Pharmalot: Why did your organization take this step? Gonzales: It was a little bit of wanting the academy to walk our own talk. We'd like our members to make decisions on medications based on facts and evidence, not on marketing. So it just seemed like we couldn't have a straight face if we were giving that message to our memberes while, at the same time, we're taking unrestricted grants. Also, the national organization relies on pharmaceutical support, but a lot of state academies would like to know how much support they get. There are resolutions introduced every year questioning the amount and we're among the states pushing them on that. So we felt we needed a clean house ourselves. Now, we feel we're in a better position to confront them.
Pharmalot: Why not reject unrestricted grants instead of all grants? Gonzales: The affiliation still connotes we're working with the pharmaceutical industry. If we're putting on a course that includes a seminar on, say, immunization, and we apply for an unrestricted grant and send out 10 applications, we're likely to get responses from companies with some interest in immunization. They may not have applied to support the program the year before and may not apply next year. But the implication is that they wanted to support this program, because they have a vested interest.
Pharmalot: Is your group taking a big hit by rejecting financial support? Gonzales: We're going to find out. We're still putting on CME seminars, of course, but as I mentioned, not taking any unrestricted grants, so we're looking for other financial support. But being pharma-free has actually proven to be a good selling point. We're attracting interest from some health plans and hospital systems, people we've not traditionally approached in the past. It's more work to get those sources, but there are also electronic medical records companies and insurance companies. So it's possible.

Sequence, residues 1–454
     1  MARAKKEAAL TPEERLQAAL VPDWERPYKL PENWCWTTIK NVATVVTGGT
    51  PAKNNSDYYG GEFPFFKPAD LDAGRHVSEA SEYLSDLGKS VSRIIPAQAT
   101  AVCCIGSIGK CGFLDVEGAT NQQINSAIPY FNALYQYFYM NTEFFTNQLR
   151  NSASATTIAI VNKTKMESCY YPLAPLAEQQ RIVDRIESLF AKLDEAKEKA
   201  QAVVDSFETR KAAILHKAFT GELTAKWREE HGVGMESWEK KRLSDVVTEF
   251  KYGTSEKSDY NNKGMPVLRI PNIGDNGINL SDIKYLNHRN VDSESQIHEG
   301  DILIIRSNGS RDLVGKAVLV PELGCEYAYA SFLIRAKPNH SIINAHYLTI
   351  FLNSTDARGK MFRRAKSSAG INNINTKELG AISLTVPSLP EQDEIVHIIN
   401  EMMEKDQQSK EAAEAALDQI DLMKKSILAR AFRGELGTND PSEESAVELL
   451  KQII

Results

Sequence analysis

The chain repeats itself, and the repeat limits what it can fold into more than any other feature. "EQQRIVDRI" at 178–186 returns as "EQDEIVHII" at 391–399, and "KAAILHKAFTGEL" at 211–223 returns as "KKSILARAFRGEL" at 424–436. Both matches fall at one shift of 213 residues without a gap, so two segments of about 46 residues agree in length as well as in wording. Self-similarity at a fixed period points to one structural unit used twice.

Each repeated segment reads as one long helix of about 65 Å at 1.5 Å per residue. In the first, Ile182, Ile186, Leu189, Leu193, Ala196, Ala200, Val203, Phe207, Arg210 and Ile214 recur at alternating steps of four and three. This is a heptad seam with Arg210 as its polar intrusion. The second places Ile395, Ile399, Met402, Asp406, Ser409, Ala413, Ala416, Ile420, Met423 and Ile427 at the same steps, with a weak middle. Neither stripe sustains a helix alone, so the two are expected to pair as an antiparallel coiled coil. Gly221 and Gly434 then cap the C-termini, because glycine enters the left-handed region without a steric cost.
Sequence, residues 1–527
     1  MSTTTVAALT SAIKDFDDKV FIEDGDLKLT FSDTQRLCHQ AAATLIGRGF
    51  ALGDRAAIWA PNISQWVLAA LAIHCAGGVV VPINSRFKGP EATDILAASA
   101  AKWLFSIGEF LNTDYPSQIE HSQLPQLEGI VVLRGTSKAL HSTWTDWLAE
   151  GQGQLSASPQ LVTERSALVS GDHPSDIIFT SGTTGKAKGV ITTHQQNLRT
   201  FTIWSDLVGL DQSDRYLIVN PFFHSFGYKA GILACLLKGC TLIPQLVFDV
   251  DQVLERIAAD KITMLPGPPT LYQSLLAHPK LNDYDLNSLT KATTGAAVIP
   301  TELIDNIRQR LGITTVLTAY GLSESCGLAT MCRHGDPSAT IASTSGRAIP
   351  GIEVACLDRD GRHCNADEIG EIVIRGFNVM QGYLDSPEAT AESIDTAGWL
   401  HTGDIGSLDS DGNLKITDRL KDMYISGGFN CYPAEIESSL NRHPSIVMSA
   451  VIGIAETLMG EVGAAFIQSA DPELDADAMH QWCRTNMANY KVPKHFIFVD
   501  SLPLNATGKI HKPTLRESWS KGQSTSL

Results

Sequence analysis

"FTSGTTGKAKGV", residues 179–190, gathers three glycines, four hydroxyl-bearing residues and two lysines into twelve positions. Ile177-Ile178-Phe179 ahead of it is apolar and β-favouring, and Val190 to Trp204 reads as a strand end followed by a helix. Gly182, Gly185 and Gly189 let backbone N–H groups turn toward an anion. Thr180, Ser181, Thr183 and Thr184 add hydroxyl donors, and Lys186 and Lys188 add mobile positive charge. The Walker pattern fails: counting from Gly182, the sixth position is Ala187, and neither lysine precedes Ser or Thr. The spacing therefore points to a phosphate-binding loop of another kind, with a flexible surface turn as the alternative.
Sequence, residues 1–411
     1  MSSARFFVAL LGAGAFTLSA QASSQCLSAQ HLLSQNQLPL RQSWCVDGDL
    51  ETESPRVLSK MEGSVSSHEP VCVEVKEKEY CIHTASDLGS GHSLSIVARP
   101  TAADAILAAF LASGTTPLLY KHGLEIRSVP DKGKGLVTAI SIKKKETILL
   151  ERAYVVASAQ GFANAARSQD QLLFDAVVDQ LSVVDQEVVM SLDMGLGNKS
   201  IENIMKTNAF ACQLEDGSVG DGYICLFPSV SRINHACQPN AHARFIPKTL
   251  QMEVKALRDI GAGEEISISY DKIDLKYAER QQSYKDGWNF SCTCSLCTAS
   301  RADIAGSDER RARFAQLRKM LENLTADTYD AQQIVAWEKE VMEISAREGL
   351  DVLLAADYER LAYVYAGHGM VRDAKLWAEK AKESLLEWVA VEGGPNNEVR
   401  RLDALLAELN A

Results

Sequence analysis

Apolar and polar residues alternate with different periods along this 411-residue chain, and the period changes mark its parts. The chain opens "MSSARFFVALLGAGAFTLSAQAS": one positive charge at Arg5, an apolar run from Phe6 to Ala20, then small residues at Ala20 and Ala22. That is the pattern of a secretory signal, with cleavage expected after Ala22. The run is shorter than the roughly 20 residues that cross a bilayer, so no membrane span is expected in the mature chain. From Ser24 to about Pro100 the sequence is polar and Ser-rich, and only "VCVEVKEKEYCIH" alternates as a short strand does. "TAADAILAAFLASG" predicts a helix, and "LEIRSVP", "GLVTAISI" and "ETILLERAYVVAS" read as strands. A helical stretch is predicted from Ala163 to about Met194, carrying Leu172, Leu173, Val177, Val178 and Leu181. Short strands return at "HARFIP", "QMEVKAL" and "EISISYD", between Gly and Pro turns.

Pharmalot: So how is it being received so far? Gonzales: We have our annual conference this coming May (look here for the brochure boasting a pharma-free environment) and I think we'll do alright. We have just three big continued ed conferences each year. And in the past, maybe a fifth of our exhibitors were pharmaceutical companies. So I don't think it will have a detrimental affect.
And it's turning out to be really popular with our members. We haven't had a huge meeting where a lot of people have shown up yet, so we'll get a broader view (in May). I have heard our members won't be unhappy that we won't have pharmaceutical companies in our exhibit hall this year. But for instance, the med school here puts on week-long course on family medicine and invited us on the first day to address the group about what we're doing. And when our speaker mentioned that we were now pharma free, the audience broke into spontaneous applause. That was a good indicator.
Hat tip to The Carlat Psychiatry Blog